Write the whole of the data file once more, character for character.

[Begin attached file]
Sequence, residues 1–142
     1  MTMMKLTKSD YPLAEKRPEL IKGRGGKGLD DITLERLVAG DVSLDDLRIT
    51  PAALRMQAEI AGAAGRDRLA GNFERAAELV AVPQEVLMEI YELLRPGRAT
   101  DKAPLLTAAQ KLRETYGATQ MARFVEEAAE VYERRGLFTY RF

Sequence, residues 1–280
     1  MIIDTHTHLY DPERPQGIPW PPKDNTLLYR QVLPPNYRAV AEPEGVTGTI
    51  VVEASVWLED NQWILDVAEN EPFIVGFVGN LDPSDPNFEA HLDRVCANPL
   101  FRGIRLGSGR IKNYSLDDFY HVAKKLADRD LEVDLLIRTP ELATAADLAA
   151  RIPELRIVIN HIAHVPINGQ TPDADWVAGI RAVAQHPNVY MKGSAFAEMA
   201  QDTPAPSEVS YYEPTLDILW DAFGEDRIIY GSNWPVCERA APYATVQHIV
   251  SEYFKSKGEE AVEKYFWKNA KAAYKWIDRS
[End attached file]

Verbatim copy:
Sequence, residues 1–142
     1  MTMMKLTKSD YPLAEKRPEL IKGRGGKGLD DITLERLVAG DVSLDDLRIT
    51  PAALRMQAEI AGAAGRDRLA GNFERAAELV AVPQEVLMEI YELLRPGRAT
   101  DKAPLLTAAQ KLRETYGATQ MARFVEEAAE VYERRGLFTY RF

Sequence, residues 1–280
     1  MIIDTHTHLY DPERPQGIPW PPKDNTLLYR QVLPPNYRAV AEPEGVTGTI
    51  VVEASVWLED NQWILDVAEN EPFIVGFVGN LDPSDPNFEA HLDRVCANPL
   101  FRGIRLGSGR IKNYSLDDFY HVAKKLADRD LEVDLLIRTP ELATAADLAA
   151  RIPELRIVIN HIAHVPINGQ TPDADWVAGI RAVAQHPNVY MKGSAFAEMA
   201  QDTPAPSEVS YYEPTLDILW DAFGEDRIIY GSNWPVCERA APYATVQHIV
   251  SEYFKSKGEE AVEKYFWKNA KAAYKWIDRS